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illnesses linked to romaine lettuce continue to be reported to the Public Health Agency of Canada. These illnesses indicate that contaminated romaine lettuce may still be on the market (including in restaurants, grocery stores and any establishments that serve food). At this time, the investigation evidence suggests that there continues to be a risk of E. coli infections associated with the consumption of romaine lettuce.

Although anyone can get an E. coli infection,  pregnant women, those with weakened immune systems, young children and older adults are most at risk for developing serious complications. This is especially true for this outbreak strain of E. coli (O157) which is more likely to cause severe illness than other E. coli strains in Canada.

It is difficult to know whether a product is contaminated with E. coli because you can't see, smell or taste it. Romaine lettuce can have a shelf life of up to five weeks; therefore it is possible that contaminated romaine lettuce purchased over the past few weeks may still be in your home. Individuals in Ontario, Quebec, New Brunswick, Nova Scotia, and Newfoundland and Labrador should consider consuming other types of lettuce, instead of romaine lettuce, until more is known about the outbreak and the cause of contamination.

If you do choose to eat romaine lettuce, the following food handling tips can help to reduce the risk of an E.coli infection, but they will not fully eliminate the risk of illness.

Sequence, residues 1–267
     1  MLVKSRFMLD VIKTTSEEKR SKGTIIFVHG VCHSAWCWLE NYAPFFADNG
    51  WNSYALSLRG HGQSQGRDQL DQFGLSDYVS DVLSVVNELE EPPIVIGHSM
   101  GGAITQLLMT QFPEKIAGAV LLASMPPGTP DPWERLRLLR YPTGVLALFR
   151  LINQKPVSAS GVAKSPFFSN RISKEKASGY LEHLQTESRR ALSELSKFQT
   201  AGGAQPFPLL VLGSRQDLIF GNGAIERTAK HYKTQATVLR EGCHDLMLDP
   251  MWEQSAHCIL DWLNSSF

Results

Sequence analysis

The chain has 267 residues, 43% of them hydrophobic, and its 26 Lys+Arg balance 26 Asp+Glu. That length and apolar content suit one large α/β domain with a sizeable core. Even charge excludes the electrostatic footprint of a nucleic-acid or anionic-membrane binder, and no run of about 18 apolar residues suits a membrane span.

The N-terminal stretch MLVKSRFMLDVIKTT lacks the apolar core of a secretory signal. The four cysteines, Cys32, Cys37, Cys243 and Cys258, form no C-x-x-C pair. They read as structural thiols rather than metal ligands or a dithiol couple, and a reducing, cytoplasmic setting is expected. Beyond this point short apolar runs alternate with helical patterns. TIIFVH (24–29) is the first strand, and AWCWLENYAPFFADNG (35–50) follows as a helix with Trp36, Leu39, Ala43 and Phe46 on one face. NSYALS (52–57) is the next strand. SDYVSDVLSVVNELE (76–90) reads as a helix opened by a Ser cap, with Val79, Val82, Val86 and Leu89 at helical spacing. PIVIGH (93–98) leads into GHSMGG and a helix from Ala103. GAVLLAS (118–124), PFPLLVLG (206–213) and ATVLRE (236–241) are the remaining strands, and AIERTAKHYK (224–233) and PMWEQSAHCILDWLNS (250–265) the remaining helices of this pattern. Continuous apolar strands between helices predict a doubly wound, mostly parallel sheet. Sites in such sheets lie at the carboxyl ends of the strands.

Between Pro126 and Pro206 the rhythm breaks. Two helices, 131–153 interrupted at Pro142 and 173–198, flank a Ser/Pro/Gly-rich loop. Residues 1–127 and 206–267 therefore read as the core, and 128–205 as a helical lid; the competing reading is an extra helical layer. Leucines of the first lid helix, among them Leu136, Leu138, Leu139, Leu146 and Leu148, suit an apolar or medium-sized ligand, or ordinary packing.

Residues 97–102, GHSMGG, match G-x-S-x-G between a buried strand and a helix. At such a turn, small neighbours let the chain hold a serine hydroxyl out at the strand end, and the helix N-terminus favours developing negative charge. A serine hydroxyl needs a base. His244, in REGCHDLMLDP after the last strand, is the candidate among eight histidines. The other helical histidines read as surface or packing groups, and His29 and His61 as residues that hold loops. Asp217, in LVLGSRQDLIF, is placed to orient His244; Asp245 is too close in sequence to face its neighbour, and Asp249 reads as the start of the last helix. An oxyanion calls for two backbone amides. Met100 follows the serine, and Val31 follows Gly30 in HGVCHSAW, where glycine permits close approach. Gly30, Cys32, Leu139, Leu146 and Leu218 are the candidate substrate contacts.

Wash your hands thoroughly with warm water and soap for at least 20 seconds, before and after handling lettuce.
Unwashed lettuce, including whole heads of lettuce sold in sealed bags, should be handled and washed using these steps:
Discard outer leaves of fresh lettuce.
Wash unpackaged lettuce under fresh, cool running water. There is no need to use anything other than water to wash lettuce. Washing it gently with water is as effective as using produce cleansers.
Keep rinsing your lettuce until all of the dirt has been washed away.
Don't soak lettuce in a sink full of water. It can become contaminated by bacteria in the sink.
Store lettuce in the refrigerator for up to seven days. Discard when leaves become wilted or brown.
Use warm water and soap to thoroughly wash all utensils, countertops, cutting boards and storage containers before and after handling lettuce to avoid cross-contamination.
Ready-to-eat lettuce products sold in sealed packages and labelled as washed, pre-washed or triple washed do not need to be washed again. These products should also be refrigerated and used before the expiration date.

source: Public Health Agency of Canada

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